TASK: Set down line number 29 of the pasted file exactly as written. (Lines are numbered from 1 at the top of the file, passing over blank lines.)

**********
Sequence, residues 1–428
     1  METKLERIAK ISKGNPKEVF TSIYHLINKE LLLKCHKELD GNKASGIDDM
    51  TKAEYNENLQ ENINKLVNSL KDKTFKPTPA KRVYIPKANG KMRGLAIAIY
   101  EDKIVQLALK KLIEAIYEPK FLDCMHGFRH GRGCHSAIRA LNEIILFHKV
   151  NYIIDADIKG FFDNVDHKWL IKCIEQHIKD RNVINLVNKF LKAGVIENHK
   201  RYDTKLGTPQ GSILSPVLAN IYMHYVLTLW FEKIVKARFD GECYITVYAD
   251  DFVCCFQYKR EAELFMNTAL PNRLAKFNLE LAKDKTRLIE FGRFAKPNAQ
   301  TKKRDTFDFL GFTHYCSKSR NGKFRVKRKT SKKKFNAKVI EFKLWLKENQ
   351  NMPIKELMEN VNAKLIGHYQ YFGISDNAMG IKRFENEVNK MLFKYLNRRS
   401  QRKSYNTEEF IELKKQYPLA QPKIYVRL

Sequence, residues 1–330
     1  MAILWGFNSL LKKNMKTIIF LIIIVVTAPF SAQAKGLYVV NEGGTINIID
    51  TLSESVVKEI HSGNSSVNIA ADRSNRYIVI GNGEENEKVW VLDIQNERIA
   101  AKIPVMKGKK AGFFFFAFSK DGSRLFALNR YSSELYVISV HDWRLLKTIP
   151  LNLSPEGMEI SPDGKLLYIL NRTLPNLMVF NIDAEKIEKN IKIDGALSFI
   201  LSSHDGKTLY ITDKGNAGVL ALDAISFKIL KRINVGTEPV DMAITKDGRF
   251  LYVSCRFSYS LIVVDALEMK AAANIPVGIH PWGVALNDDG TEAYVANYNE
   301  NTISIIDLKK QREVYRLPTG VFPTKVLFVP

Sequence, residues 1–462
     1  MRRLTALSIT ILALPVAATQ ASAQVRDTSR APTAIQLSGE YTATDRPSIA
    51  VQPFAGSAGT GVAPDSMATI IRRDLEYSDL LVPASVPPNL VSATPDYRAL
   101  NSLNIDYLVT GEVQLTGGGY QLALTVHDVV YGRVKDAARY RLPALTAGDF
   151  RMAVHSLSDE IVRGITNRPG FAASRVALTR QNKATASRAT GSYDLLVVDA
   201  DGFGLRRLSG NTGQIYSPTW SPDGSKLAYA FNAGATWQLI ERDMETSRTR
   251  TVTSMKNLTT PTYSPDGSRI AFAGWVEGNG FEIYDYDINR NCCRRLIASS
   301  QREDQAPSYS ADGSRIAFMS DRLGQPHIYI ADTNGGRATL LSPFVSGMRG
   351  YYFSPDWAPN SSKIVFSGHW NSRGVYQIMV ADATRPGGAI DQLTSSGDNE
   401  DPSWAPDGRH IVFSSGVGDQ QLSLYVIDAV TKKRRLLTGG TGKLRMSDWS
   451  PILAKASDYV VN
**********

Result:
   451  PILAKASDYV VN